The evidence is overwhelming: we are far more powerful than the technology that is supposedly mind-controlling us. It’s not even close.
As I’ve discussed in other articles, we need to give ourselves more credit. Instead of passively accepting the idea that we’re all being puppeteered by some sort of menacing tech bogeyman, we can hack back distractions.
To be clear, too much social media can be harmful. No one disputes that too much of all sorts of good things can be bad, whether it’s too much news or too much booze.
But the popular narrative that distractions, particularly those emanating from our tech devices, have the power of mind control lacks scientific support, and is more harmful than helpful.
It’s as if, for some reason, people want to believe tech is more powerful than they are. Why is that? Why do people so readily give up control and admit defeat?
Understanding why people reflexively give up control helps us better understand all sorts of self-defeating tendencies.
We love the social media mind control narrative.
The story that something can control our minds is a tale as old as time. For thousands of years, the practice of trepanning (basically banging a hole in a person’s skull) was thought to release evil spirits that controlled a person.
During Prohibition, the bogeyman was alcohol–drink was said to take over people’s minds, rendering them helpless and making them do awful things.
Even today, domestic abusers use this excuse of having “one too many” to claim that they weren’t themselves when they landed that punch. They slough off blame and play the victim, saying they were under the influence.
Of course, the law and common sense don’t let people get away with blaming booze for their bad behavior. As we all know, the person should have known better than to allow themselves to do dumb things while drunk.
And yet, when it comes to other supposedly mind-controlling influences, like too much tech, we believe we’re powerless to resist.
Why the double standard when it comes to our gadgetry?
Techno-panics are nothing new–radio, TV, graphic novels, video games, even the written word were all said to control people’s minds against their will. While past technologies seem benign in comparison, it’s important to remember they were just as feared in their day as our tech is now.
Why is the “tech is mind control” narrative evergreen?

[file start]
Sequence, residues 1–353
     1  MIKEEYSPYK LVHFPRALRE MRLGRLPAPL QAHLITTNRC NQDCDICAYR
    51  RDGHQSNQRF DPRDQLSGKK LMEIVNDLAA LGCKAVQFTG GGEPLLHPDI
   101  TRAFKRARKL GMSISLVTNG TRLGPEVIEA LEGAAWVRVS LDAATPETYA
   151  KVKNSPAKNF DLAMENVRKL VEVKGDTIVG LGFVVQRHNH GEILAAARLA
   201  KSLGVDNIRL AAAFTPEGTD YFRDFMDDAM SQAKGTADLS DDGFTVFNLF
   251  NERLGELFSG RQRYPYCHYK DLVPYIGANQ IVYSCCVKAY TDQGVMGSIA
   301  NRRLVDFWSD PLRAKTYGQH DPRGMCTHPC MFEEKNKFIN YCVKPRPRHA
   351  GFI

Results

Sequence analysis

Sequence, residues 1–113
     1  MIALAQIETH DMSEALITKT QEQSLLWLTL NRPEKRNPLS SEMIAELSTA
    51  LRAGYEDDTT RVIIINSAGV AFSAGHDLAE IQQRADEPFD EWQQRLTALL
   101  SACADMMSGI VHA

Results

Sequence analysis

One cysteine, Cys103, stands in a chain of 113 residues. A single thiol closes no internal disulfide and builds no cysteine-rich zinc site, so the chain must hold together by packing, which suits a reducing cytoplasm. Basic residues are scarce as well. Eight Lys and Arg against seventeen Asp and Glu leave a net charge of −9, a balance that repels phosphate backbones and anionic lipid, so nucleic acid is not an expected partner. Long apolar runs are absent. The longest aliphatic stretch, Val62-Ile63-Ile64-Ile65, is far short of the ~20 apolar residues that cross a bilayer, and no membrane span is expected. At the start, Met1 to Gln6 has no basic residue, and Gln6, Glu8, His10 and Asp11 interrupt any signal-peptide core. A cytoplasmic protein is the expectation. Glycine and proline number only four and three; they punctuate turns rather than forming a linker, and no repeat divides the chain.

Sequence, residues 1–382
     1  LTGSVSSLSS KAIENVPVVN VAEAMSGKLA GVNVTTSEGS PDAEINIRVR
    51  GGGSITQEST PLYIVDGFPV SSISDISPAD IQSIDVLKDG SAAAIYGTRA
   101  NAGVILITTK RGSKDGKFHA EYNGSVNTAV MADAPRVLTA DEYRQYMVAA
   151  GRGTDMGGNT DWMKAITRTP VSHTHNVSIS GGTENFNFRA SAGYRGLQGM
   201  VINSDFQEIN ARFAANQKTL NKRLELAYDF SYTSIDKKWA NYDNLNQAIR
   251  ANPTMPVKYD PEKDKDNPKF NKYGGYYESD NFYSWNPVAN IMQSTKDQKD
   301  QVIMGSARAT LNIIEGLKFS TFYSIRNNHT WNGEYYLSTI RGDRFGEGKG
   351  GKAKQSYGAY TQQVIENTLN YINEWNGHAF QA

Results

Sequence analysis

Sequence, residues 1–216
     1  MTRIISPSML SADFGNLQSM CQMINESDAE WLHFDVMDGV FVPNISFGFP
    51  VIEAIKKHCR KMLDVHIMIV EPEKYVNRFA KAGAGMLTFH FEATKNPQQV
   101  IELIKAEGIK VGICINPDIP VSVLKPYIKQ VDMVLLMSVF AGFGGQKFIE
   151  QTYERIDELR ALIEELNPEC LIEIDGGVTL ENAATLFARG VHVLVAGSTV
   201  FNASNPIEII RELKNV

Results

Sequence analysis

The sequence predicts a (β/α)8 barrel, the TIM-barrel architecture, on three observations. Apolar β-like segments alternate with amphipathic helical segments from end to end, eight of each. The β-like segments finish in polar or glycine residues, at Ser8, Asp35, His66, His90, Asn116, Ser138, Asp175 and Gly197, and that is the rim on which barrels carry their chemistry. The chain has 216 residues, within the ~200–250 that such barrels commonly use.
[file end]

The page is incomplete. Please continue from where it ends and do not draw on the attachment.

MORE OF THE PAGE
For one, there’s Brandolini’s law, which states “the amount of energy needed to refute bullshit is an order of magnitude larger than to produce it.” With so many unscientific claims about tech companies hacking our “lizard brains,” using “dopamine hits,” and “hijacking” our neural circuits, there is plenty of scary-sounding bullshit to reign in.
Once a story captures the public’s imagination, it’s hard to dissuade people with facts. Familiar narratives beget more of the same as traditional media companies keep the storylines (and clicks) coming. They use clickbait headlines like “Have Smartphones Destroyed a Generation?” to pull readers in. It’s hard for publications to resist, particularly when it’s a story their readers want to believe.
Deflection is easier than reflection
Deflection is a defense mechanism we use to avoid having to act on a problem.
In some cases, we deflect responsibility onto other people: we may point fingers and play blame games, finding all kinds of reasons why mistakes were made by other people (but not by us).
When there’s no one else around to blame–for example, if I skip a workout–it can feel soothing to deflect by thinking “I didn’t have enough time.” In reality, I wasted time by not sticking to my schedule. But it feels bad to admit that. So, I deflect. It’s not my fault; I just ran out of time! It’s easy to deflect responsibility away from myself onto the vague bogeyman of running out of time.
Similarly, there are lots of big, hairy problems in our society, and it’s easy to deflect responsibility onto a scary new technology. For instance, Americans are getting lonelier with each successive generation. While it’s easy to blame increasing isolation on our screens, the research reveals this is a long-term trend that started well before the invention of social media.
Complicated problems rarely have easy solutions, but deflection is so much easier than reflection so we tend to scapegoat rather than get to the sources of our suffering.
We trade power for control.
We deflect responsibility because we crave control, or even the illusion of control. As paradoxical as it sounds, it’s empowering to tell ourselves we’re helpless.
Once we decide that nothing can be done–that our minds are being controlled–we absolve ourselves of responsibility. The conclusion we reach is “there’s no point in trying to stop”–so overuse is no longer our fault.
By extension, anything I do while being controlled by an outside factor isn’t my problem. People leave nasty anonymous comments online for the same reason they might do horrible things while drunk. It’s not the drink or the app that told them what to do, but rather they give themselves an excuse to act like irresponsible jerks.
Of course, the problem with deflection is that it doesn’t actually solve any problems.
While social media companies certainly play a role in limiting antisocial behavior on their platforms, users must also step up. But if we allow ourselves to get seduced by the story that our minds are hijacked, it becomes true. We do nothing to change our behavior and wait for someone else to fix the problem.
The good news is we don’t have to trade in our power. We can realize that we ultimately do have control if we want it. We can take simple steps to ensure we control our devices as opposed to letting our devices control us.
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